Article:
Sugar levy will drive producers to innovate According to the Treasury, the special surtax on the sugar content in beverages shall only be levied on added sugar (File Picture)

Enacy Mapakame

Business Reporter

Market watchers have described the introduction of a levy on sugar content in beverages as a welcome development that will prompt manufacturers to reformulate their products and narrow health risks associated with their consumption.

Reformulation is the process of cutting on sugar content and replacing it with a non-sugar substitute in response to the World Health Organisation’s calls for a tax on sugar-sweetened beverages (SSB).

In his 2024 National Budget Statement,  Finance, Economic Development and Investment Promotion Minister Professor Mthuli Ncube announced the introduction of several tax measures to increase revenue flows into State coffers. Among them, Prof Ncube introduced a levy on sugar content in beverages.

The initiative is already being implemented in many countries globally including the Southern African Development Community region following growing concerns on the health risks associated with high sugar intake.

Market watchers opine the new measure will push businesses to tweak their products in line with the new levy and general health consciousness.

“A higher sugar tax encourages beverage manufacturers to reformulate their products. This can contribute to a decrease in sugar consumption, potentially lowering the rates of diet-related health issues such as obesity and diabetes,” said FBC Securities.

In the United Kingdom, the drinks industry cut sugar content in response to a 2018 tax. A year later, on average, people were consuming one fewer 250 ml sugary drink per week, replacing it with a non-sugar substitute. After four years, sugar consumed in taxed drinks was down by 35 percent.

“On the downside, higher taxes can lead to an increase in the price of sugary beverages, making them more expensive for consumers. This can influence purchasing decisions, with some consumers opting for alternatives or reducing overall consumption.”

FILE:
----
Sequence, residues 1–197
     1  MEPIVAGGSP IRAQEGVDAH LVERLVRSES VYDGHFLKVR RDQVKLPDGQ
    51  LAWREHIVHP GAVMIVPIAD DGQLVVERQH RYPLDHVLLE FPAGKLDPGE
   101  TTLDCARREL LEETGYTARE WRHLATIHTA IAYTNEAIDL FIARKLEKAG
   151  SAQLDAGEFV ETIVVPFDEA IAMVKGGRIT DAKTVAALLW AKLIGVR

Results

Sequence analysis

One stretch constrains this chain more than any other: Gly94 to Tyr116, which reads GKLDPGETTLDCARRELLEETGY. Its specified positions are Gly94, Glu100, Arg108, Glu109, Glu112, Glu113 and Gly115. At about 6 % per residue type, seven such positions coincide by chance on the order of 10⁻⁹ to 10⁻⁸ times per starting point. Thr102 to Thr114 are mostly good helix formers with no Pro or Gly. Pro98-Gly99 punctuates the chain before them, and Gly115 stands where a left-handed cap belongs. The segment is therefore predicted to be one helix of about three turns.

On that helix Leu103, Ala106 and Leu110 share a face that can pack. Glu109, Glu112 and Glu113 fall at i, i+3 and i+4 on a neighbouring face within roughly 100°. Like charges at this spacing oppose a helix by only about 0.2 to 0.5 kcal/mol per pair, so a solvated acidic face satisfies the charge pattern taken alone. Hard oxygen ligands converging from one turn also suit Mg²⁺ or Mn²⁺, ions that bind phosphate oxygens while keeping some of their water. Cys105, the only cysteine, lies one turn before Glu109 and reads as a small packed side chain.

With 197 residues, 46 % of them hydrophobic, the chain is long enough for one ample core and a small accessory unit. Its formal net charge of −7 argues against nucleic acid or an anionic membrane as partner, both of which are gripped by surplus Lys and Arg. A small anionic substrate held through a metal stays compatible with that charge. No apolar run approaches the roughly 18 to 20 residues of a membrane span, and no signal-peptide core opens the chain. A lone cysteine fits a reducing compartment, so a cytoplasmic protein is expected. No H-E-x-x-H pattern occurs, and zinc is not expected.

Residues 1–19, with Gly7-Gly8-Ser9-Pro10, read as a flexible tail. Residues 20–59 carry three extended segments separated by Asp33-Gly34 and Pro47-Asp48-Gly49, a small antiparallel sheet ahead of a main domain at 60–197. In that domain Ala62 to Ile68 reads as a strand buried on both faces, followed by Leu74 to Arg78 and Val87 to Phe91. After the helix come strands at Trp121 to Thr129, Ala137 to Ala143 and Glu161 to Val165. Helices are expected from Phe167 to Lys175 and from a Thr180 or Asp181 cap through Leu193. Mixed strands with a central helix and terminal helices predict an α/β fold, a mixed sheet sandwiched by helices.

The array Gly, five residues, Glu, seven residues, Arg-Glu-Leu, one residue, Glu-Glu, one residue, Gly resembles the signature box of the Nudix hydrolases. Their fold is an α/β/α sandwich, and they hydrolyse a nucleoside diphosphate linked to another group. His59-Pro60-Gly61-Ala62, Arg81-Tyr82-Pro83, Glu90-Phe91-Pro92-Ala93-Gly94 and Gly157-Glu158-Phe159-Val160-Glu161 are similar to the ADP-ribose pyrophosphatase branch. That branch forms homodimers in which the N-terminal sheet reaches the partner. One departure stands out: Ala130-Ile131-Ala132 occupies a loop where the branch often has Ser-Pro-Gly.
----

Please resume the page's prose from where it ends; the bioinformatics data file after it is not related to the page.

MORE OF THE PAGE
The initiative might also lead to an increase in unregulated markets and flourishing of alternative products on the market.

Said FBC Securities: “In some cases, consumers might turn to cheaper, unregulated alternatives or the black market to obtain sugary beverages, potentially undermining the intended health impact of the tax.”

Studies have linked the high consumption of sugary substances such as beverages to the prevalence of health problems such as diabetes and obesity and other non-communicable diseases.

The introduction of a levy on sugar content is expected to tackle such problems and encourage healthy lifestyles.

“In response to the growing concerns on the adverse effects of consumption of sugar, in particular contained in beverages, tax on beverages has been implemented in several countries including in the SADC region and beyond,” said Prof Ncube.

“It is, thus, necessary to discourage consumption of high sugar content beverages, hence, I propose to introduce a levy of US$0,02 per gram of sugar contained in beverages, excluding water, with effect from January 1, 2024,” he added.

According to the Treasury boss, the funds collected from this levy will be ring-fenced for therapy and procurement of cancer equipment for diagnosis.

Countries like South Africa, Bahamas, Mexico, the UK and Barbados are among those that have implemented the levy on sweetened beverages to tackle health problems associated with high sugar intake. A World Health Organisation 2022 report suggested 88 countries were implementing the tax on sugar-sweetened beverages.

In Mexico for instance, a 2014 tax on sugary drinks raised prices by 11 percent and cut consumption by 37 percent within two years. After three years, the chance that an individual would stop drinking soft drinks increased by 4,7 percentage points according to the Act on Non-Communicable Diseases.

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